Civilly committed sex offenders confined pursuant to Illinois' Sexually Violent Persons Commitment Act, 725 ILCS 207/1-99, filed suit in federal court in 2007 under 42 U.S.C. § 1983, challenging the conditions of their confinement at the Rushville Treatment and Detention Center (Rushville).
After the district court dismissed their claims, the Seventh Circuit Court of Appeals considered two issues: whether due process required input from health professionals prior to restricting personal contact among detainees at the facility, and whether the First Amendment entitled detainees to use the internal mail system at Rushville to exchange letters with other detainees. Finding no genuine dispute as to material facts, the appellate court affirmed the dismissal.
The Court of Appeals noted that "persons who have been involuntarily committed are entitled to more considerate treatment and conditions of confinement than criminals whose conditions of confinement are designed to punish," citing Youngberg v. Romeo, 457 U.S. 307 (1982). According to the Seventh Circuit, this case appeared to arise due to "dissatisfaction with Rushville's basic setup," as civil detainees previously "were held at a facility in Joliet that allowed them to mix more freely."
Rushville is divided into six units, with patients separated by type of detainee and treatment requirements. Opportunity for mixing between the units is restricted; the only place where the separate units mingle is during an hour or two of outdoor "yard time." Detainees can pass letters within their units, but must use the U.S. mail to write detainees in other units. The plaintiffs alleged that these restrictions were too severe and fell below minimum standards for sex offender treatment.
In reviewing the applicable law, the Court of Appeals acknowledged that "professional judgment [must] be exercised" when making decisions about conditions of confinement. The Youngberg ruling, which specifically pertained to people with mental disabilities, was extended by the Seventh Circuit to recognize that "(a) committed persons are entitled to some treatment, and (b) what that treatment entails must be decided by mental-health professionals." See: Allison v. Snyder, 332 F.3d 1076, 1081 (7th Cir. 2003).
The plaintiffs contended that under Youngberg, security decisions had to be made by a health professional. The appellate court rejected that argument, however, stating, "Security decisions do not violate Youngberg just because they restrict treatment options. As here, where there has been no showing ... that a security decision is unjustified on security grounds, we will not leap to the conclusion that its impact on treatment is enough to make it a treatment decision subject to Youngberg's rule."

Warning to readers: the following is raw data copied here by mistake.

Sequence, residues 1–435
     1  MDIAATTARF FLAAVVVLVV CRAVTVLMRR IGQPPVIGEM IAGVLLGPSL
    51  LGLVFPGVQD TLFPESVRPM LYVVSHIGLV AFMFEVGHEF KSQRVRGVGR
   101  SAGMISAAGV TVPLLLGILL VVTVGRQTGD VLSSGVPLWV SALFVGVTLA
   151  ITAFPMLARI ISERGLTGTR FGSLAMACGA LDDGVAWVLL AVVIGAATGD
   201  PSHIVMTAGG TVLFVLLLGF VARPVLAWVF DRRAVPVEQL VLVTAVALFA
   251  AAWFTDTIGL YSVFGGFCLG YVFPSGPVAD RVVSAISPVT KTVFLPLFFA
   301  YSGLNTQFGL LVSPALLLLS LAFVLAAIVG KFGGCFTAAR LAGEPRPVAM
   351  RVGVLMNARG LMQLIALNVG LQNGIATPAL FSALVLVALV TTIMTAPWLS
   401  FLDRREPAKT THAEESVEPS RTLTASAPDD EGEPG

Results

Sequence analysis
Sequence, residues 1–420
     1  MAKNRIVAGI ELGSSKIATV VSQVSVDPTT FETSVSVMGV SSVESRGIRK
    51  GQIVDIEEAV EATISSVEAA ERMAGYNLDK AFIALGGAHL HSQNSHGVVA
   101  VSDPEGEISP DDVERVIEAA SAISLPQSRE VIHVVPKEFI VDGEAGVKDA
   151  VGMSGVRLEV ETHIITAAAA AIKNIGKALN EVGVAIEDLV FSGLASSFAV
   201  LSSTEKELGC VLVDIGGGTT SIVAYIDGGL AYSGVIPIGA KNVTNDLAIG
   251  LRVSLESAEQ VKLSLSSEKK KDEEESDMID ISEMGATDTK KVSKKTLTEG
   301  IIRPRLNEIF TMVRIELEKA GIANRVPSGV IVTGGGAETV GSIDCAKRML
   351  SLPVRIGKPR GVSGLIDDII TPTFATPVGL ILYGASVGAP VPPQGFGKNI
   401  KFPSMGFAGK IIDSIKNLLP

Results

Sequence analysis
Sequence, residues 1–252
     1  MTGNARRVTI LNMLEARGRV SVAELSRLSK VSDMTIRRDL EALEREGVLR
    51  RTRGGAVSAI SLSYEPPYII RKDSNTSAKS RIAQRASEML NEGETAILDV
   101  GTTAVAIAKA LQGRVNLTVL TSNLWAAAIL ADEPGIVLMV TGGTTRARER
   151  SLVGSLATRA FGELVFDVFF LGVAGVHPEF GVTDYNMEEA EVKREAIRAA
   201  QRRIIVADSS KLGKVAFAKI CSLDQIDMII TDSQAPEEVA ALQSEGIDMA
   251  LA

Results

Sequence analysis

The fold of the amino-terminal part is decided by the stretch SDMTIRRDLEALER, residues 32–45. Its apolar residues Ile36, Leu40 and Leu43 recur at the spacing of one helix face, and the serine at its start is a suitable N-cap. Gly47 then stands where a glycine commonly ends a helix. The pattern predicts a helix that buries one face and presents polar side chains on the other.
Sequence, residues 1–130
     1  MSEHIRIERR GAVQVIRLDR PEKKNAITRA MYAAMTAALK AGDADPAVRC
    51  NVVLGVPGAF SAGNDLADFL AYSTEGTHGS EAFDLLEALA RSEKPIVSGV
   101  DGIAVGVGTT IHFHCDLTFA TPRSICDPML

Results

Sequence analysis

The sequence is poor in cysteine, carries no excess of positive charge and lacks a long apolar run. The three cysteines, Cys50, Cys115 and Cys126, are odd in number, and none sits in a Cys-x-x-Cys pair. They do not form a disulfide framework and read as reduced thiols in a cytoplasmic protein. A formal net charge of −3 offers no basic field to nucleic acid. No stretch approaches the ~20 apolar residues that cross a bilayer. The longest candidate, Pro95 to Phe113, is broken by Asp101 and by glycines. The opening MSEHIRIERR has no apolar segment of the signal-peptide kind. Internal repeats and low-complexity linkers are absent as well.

The Court of Appeals also rejected the plaintiffs' claim related to the internal mail system at Rushville. The detainees had asked the court to follow the rule set forth in Turner v. Safley, 482 U.S. 78, 89 (1987): "when a prison regulation impinges on inmates' constitutional rights, the regulation is valid if it is reasonably related to legitimate penological interests." The Seventh Circuit found there was no "impingement," but only a demand for a "better way" to communicate with detainees in other units other than the U.S. mail. "As maligned as the United States Postal Service may be, there is no First Amendment right to a means of sending letters superior to the one it provides." The district court's order of dismissal was therefore affirmed.
One appellate judge dissented, stating, "Even if security concerns trump almost all other constitutional interests of convicted criminals, the same is not true of those suffering from a mental disorder.... I do not believe that the naked incantation of the term 'security' is enough to relieve the staff at the Rushville Treatment and Detention Center of its duty to exercise professional judgment when it makes decisions that affect the rehabilitative aims of the facility. I would reverse the district court's grant of summary judgment on this point...." See: Lane v. Williams, 689 F.3d 879 (7th Cir. 2012).
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Related legal case
Lane v. Williams
|689 F.3d 879 (7th Cir. 2012)
|Court of Appeals